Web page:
Generic Substitution of Lamotrigine Among Medicaid Patients with Diverse Indications: A Cohort-Crossover Study
CNS Drugs, 07/18/2012
Hartung DM et al. – A statistically significant increase in emergency department visits, hospitalizations or condition–specific encounters was not observed following the switch from brand to generic lamotrigine, although a type II error cannot be ruled out.Methods
- This study was a retrospective cohort-crossover design using state Medicaid claims data from July 2006 through June 2009.
- Subjects were included in the cohort if they converted from brand to generic lamotrigine and had 2 years of lamotrigine use prior to conversion.
- The frequency of emergency department (ED) visits, hospitalizations and condition-specific ED visits or hospitalizations were recorded in the 60 days immediately following the conversion to generic lamotrigine, then compared with the incidence of the same events during a randomly selected time period indexed to one of the patient's past refills of branded lamotrigine.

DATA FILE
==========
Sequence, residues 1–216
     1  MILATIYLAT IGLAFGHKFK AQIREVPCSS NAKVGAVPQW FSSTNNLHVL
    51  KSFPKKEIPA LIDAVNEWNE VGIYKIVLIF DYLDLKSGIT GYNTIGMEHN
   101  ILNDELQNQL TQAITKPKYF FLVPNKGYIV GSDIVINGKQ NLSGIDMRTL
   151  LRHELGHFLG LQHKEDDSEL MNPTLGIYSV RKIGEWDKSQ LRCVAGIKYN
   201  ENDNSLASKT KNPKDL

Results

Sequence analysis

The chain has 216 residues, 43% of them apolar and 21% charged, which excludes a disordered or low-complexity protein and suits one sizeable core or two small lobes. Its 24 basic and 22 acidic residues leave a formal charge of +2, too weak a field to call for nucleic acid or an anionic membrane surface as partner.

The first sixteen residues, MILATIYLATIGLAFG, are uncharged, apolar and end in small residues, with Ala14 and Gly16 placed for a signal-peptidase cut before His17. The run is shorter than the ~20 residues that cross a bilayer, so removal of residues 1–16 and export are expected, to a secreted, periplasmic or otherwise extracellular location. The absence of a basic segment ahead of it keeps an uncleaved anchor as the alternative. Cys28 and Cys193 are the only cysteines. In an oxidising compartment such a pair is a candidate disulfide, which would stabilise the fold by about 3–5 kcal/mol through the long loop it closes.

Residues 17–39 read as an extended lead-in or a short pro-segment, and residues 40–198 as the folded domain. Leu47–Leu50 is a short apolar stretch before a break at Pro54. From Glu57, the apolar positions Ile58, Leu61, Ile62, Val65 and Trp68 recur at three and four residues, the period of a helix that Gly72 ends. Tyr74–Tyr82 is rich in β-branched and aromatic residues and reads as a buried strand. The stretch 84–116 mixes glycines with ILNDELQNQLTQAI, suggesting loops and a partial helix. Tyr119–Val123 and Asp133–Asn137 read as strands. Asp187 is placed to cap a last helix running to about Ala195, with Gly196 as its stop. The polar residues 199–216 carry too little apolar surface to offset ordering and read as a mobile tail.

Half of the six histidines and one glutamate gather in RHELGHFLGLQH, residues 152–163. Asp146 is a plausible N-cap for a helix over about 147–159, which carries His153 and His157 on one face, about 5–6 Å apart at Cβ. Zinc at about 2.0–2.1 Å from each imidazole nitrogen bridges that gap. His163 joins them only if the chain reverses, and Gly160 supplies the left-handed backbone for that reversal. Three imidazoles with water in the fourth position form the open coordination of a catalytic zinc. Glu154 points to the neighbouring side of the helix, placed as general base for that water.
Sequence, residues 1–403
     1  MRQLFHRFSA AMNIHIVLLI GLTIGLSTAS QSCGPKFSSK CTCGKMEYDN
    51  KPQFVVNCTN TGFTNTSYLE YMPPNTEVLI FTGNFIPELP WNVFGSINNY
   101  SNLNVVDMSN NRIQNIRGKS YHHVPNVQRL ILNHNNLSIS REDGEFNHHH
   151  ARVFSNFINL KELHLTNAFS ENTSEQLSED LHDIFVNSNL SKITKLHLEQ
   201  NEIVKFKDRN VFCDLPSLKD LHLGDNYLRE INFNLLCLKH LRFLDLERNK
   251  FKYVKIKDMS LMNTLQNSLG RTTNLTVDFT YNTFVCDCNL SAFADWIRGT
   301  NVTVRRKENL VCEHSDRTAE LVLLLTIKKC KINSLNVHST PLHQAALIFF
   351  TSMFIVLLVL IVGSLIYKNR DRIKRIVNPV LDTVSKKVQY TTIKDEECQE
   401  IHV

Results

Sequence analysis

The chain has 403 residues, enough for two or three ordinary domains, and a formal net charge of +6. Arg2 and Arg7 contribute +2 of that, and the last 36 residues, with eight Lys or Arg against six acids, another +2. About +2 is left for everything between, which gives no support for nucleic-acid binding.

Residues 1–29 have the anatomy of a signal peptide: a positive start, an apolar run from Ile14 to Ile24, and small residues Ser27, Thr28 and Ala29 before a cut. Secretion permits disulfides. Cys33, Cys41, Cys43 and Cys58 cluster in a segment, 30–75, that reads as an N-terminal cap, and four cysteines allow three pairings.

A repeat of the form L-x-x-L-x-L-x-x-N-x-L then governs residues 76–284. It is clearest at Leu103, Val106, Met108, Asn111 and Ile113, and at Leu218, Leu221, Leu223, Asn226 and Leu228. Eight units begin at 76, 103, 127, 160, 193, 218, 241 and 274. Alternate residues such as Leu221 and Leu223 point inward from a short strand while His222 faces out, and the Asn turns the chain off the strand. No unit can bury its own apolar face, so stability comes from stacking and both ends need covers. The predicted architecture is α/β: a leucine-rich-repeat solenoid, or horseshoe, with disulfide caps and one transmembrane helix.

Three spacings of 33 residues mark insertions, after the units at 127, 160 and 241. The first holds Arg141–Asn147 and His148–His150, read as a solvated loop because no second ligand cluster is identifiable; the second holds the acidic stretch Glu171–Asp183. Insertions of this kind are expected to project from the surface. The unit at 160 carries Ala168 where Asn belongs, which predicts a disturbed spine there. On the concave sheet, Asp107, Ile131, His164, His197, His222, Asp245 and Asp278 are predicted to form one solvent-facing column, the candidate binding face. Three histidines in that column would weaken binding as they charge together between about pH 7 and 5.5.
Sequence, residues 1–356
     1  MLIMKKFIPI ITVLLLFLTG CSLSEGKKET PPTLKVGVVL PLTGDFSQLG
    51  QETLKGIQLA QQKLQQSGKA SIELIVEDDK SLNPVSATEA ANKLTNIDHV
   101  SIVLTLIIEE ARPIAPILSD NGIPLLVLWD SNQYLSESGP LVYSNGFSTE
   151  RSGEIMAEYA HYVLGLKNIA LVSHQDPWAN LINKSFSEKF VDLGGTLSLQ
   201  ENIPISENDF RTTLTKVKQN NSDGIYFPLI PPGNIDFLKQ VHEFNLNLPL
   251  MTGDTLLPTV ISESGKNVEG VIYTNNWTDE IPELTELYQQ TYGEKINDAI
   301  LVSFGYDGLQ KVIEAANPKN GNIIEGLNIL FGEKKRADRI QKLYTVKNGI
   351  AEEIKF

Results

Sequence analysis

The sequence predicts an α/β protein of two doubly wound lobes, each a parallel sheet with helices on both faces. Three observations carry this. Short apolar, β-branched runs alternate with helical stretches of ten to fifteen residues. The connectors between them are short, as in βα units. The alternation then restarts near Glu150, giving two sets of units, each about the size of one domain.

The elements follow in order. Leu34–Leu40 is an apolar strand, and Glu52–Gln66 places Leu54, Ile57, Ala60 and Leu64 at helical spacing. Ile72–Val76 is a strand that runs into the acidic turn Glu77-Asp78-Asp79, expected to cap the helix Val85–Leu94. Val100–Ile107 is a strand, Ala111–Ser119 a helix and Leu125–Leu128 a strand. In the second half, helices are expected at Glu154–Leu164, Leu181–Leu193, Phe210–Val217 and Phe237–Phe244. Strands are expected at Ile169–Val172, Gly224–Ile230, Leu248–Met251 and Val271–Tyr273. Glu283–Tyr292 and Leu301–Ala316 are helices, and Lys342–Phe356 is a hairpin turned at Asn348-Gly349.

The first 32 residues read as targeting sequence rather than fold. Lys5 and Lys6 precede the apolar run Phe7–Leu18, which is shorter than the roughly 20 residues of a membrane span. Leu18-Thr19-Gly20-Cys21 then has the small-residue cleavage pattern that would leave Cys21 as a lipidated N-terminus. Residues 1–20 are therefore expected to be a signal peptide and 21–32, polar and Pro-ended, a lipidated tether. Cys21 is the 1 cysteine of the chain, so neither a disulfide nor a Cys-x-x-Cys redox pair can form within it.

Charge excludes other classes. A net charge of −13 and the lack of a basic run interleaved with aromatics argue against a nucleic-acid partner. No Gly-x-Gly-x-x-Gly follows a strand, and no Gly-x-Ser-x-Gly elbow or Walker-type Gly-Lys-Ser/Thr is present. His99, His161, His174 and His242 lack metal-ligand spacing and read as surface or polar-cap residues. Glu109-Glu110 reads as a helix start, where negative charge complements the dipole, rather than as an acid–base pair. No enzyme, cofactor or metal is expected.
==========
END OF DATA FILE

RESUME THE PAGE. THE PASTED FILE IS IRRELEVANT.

- Multivariate conditional logistic regression was used to quantify the association between generic conversion and health services utilization while controlling for changes in lamotrigine dose and concurrent drug use.
- Of the 616 unique subjects included in this analysis, epilepsy was the most common diagnosis (41%), followed by bipolar disorder (32%), pain (30%) and migraine (18%).
- Conversion to generic lamotrigine was not associated with a statistically significant increase in the odds of an ED visit (adjusted odds ratio [AOR] = 1.35; 95% confidence interval [CI] 0.92, 1.97), hospitalization (AOR = 1.21; 95% CI 0.60, 2.50) or condition-specific encounter (AOR 1.75; 95 CI 0.87, 3.51).